Also: Small towns try to tame the Bitcoin boom, and the inequality of venture capital.

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What We’re Following

Who’s counting: The U.S. Commerce Department announced Monday that it will include a citizenship question on the Census for the first time since 1960. Critics worry the change will prompt immigrants, even those in the country legally, to reject the 2020 Census. That could make it more difficult to count residents, with dramatic consequences for apportioning representation and federal funding. CityLab’s Kriston Capps looks at what’s next for the Census.

Pulled over: After last week’s fatal AV crash in Tempe, Arizona, Governor Doug Ducey has suspended Uber from testing its autonomous cars, Fortune reports. Meanwhile, Waymo’s CEO John Krafcik claims their car’s software would have avoided the pedestrian death. (L.A. Times) Watch this space tomorrow for a comprehensive update from CityLab’s Laura Bliss.

Andrew Small


More on CityLab

Small Towns Try to Tame the Bitcoin Boom

As cryptocurrency miners suck up cheap energy in parts of Washington and New York states, local leaders are scrambling to regulate the industry.

Sarah Holder

'Don't Make Us Go West Virginia On You'

After West Virginia public employees staged a nine-day walkout, workers in other states are preparing to follow the same playbook.

Sarah Holder

The Extreme Geographic Inequality of High-Tech Venture Capital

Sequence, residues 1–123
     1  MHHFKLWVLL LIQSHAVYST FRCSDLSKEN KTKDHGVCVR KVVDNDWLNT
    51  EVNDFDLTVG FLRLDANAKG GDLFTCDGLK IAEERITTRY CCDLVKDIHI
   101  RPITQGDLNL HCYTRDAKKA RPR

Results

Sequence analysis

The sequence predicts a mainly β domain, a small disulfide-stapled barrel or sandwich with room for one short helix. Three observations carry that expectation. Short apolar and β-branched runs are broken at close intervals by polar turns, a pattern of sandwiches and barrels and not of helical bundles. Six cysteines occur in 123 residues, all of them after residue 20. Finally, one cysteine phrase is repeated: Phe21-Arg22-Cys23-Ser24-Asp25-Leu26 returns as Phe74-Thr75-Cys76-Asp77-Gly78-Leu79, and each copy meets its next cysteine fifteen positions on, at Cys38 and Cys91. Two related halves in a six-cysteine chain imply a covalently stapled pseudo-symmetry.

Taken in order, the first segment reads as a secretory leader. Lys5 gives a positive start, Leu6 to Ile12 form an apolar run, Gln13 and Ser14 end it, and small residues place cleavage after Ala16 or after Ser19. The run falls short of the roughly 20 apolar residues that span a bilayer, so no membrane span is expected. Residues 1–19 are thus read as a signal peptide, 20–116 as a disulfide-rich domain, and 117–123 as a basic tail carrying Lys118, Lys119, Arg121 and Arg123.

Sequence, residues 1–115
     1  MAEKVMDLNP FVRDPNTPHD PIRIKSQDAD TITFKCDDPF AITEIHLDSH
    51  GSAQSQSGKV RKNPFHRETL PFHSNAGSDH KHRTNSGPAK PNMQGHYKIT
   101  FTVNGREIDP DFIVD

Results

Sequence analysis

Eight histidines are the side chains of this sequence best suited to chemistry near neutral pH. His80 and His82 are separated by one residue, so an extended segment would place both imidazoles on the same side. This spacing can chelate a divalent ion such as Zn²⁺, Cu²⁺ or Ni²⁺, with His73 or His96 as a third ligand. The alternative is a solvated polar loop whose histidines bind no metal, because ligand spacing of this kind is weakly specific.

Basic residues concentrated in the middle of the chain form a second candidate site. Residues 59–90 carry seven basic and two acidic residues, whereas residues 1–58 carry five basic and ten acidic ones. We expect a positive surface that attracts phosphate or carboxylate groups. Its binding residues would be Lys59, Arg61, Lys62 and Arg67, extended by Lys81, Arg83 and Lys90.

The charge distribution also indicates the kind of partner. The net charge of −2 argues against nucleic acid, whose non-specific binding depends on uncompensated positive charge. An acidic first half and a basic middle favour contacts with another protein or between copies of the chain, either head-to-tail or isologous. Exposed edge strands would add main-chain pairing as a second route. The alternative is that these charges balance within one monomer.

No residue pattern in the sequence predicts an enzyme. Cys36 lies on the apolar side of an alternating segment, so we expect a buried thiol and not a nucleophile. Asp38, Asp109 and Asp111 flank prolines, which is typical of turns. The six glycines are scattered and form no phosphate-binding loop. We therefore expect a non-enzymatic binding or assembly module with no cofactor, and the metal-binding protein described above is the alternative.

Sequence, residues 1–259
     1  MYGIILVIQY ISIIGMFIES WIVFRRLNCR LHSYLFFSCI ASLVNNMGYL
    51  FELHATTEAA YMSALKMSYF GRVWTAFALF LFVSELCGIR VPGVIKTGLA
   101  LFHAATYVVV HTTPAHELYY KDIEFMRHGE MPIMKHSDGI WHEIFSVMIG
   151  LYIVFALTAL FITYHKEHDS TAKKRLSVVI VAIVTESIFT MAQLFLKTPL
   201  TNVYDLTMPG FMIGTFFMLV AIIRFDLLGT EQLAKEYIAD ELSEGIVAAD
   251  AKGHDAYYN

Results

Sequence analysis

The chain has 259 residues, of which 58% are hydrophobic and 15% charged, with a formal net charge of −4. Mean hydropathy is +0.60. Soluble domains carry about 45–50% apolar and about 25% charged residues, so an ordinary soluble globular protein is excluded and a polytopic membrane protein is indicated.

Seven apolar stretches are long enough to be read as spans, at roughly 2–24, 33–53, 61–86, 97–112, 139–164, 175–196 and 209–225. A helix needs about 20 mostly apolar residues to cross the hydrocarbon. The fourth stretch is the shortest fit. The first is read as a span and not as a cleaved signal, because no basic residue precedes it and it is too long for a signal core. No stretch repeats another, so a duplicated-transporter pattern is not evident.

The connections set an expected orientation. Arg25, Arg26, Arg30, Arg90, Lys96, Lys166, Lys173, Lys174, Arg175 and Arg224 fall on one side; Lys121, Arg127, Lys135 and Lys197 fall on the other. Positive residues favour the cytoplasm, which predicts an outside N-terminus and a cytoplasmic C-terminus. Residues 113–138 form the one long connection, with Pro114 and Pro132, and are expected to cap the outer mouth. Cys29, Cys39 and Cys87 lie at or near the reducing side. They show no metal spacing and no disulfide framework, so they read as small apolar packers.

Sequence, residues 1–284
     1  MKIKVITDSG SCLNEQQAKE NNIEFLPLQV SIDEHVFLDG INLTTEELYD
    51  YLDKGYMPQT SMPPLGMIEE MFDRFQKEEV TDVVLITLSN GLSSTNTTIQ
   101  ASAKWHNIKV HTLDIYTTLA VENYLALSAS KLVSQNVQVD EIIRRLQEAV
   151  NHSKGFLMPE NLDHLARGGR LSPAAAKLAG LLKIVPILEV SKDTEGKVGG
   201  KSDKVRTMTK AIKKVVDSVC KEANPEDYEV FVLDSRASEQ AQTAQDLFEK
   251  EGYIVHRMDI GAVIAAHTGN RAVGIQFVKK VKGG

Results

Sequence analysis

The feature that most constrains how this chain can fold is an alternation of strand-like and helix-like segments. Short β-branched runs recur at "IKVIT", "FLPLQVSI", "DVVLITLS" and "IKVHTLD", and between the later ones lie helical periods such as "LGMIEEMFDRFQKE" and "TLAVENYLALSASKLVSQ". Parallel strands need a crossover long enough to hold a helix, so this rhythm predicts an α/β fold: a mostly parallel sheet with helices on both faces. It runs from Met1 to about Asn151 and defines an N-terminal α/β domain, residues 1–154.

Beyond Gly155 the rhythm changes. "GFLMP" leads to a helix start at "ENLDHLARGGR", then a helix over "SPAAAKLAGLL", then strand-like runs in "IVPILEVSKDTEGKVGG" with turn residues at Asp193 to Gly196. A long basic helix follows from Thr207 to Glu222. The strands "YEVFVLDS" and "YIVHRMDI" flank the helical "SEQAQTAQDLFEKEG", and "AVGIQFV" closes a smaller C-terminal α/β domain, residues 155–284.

The rest aren’t rising, and spatial inequality is getting worse.

Richard Florida

The Great Pacific Garbage Patch Is Growing

And it was already enormous.

Alastair Boone

Bogotá's Bronx Is Barren, But Not for Long

Once home to crocodile pits where drug dealers disposed of victims, the Bronx in Bogotá awaits an ambitious revitalization and its few remaining residents face an uncertain future.

Lucy Sherriff

Britain's Beautiful Garbage Bins

The wide range of designs U.K. municipalities use for their ubiquitous plastic receptacles are getting their due, thanks to Harry Trimble.

Feargus O'Sullivan


Map of the Day

Library of Congress map showing where Russians were once banned from the U.S.
(Library of Congress)

As 60 Russian officials get expelled from the United States this week, consider this 1957 map produced by the State Department, via the Library of Congress. It shows how, at that time, about a third of the U.S. was off limits to Russian visitors. Among the red patches marking banned travel, the green circles mark the cities where Soviet and Eastern bloc citizens could legally go. So why could Cold War travelers go to Nashville but not Memphis? National Geographic has a theory that the seemingly arbitrary “red lines” may have been a way to hide the conditions of Jim Crow.

CityLab flashback: The U.S.S.R. secretly mapped the entire world.


What We’re Reading

Linda Brown, symbol of landmark desegregation case, dies (New York Times)

Double trouble: How big cities are gentrifying their neighbors (The Guardian)

The real nightmare scenario for driverless cars is… the pop-up ad? (Vox)

Facebook sued for allowing discriminatory housing ads (Curbed)

How Trump favored Texas over Puerto Rico (Politico)


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